How to Avoid Another Government Shutdown

October 18, 2013

By: , Scott DeRue

This post originally appeared on the Ross Blog as Ross Professors Explain How to Avoid Another Government Shutdown

The government shutdown is over, a deal reached, but was this brinksmanship avoidable? And how can we prevent it in the future?

U-M Ross Professors Scott DeRue and Shirli Kopelman, experts in the fields of leadership and negotiations, have a few ideas.

DeRue says the shutdown was a stark example of what happens when leaders lose sight of their organization’s purpose and goals. The purpose of Congress is to serve and represent the American people. But the leadership of both parties allowed that purpose to shift to protecting their own power, reputations, and jobs.

“This shift has two important effects,” says DeRue, professor of management and organizations and faculty director of the Ross Leadership Initiative. “First, it creates a ‘fixed pie’ mentality, where one party’s gain is the other party’s loss. Second, it creates conflict that becomes more about personal agendas and dislike for each other, as opposed to the constructive conflict of honest debate.”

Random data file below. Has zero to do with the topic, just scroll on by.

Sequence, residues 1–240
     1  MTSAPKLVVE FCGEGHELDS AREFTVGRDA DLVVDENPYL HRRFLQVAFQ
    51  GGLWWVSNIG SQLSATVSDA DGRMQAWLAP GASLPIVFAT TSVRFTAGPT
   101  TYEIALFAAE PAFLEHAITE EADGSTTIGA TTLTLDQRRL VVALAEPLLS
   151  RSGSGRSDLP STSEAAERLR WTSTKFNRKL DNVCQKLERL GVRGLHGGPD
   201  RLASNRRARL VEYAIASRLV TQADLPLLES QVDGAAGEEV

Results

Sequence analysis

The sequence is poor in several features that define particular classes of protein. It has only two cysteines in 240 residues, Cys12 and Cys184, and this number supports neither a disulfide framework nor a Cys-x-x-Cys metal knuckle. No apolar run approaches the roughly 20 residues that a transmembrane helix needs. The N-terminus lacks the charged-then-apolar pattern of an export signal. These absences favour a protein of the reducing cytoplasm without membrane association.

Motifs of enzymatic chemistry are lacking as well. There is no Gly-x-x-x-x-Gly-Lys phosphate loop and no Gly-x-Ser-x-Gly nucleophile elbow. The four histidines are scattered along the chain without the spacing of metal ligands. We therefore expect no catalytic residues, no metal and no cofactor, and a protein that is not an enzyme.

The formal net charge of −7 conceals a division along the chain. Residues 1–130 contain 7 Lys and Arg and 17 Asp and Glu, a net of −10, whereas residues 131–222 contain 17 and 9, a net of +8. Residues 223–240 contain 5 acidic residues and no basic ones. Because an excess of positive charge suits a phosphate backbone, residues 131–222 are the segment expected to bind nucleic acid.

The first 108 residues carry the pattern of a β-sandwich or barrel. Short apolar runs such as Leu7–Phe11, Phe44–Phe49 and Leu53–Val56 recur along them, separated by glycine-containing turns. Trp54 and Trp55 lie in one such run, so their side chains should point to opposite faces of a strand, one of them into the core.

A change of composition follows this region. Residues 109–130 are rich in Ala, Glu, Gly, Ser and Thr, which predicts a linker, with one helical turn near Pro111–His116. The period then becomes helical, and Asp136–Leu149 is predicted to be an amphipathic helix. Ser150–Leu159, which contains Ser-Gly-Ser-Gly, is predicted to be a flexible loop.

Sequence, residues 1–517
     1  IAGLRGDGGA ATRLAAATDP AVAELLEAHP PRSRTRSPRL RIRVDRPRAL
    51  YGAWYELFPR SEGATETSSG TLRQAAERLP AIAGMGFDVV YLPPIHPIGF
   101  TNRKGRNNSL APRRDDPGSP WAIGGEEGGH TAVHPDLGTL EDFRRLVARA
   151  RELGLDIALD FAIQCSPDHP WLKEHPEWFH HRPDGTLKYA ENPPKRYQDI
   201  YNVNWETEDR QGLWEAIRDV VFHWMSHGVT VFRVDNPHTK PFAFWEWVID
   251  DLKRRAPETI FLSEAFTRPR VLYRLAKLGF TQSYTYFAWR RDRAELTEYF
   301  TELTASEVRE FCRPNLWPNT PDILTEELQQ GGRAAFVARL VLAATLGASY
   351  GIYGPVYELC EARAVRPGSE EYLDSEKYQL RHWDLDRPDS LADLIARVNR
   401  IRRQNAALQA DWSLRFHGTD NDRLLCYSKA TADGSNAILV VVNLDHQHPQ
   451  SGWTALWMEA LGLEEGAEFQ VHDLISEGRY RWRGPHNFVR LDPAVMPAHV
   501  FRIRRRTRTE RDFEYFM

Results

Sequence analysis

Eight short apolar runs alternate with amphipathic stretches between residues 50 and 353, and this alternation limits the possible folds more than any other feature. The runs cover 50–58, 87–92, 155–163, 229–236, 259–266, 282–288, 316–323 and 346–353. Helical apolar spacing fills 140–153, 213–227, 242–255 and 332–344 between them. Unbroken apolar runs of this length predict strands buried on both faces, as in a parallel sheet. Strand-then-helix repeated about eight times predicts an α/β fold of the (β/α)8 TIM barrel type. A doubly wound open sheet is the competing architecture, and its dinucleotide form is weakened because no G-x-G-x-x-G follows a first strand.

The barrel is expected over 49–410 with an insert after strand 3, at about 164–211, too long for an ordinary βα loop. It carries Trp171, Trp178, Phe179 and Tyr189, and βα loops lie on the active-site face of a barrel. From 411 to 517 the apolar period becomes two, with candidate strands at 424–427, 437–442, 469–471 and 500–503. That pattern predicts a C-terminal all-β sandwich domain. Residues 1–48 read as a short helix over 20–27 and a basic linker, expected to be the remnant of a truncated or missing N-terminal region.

It’s natural for both parties to have different agendas on how best to serve the country. But that healthy conflict can exist with Congress keeping a sense of purpose, DeRue says. That’s what must be rediscovered.

“It’s the leader’s job to ensure there’s a common goal,” he says. “Otherwise, personal goals trump collective goals.”

Kopelman, an expert in positive negotiations, says a different approach to negotiating can help prevent another impasse. She says short-sighted power games lead to standoffs, but a positive approach focuses on co-creating value and well-being.

“It’s a science and an art to be a positive negotiator,” says Kopelman, clinical assistant professor of management and organizations and core faculty with the Center for Positive Organizations. “Some people don’t move until they can see how it’s going to hurt them or their organization, so fast-forwarding and helping them see the long-term costs can help get them to the table. Especially if you can help them save face. It’s important to metaphorically offer them a ladder to come down from the high tree they have climbed and the positions they have declared. The process can begin at any time in any situation.”

Kopelman and DeRue are just part of the reason leadership development is a hallmark of a Ross education. They teach students in Ross graduate and undergraduage degree programs as well as business leaders in Executive Education.

Read more about how DeRue approaches leadership development including how he uses lessons from his climb atop Mount Everest in his teaching.

Watch a video of Kopelman talking about how to make the first move in negotiations without feeling anxious.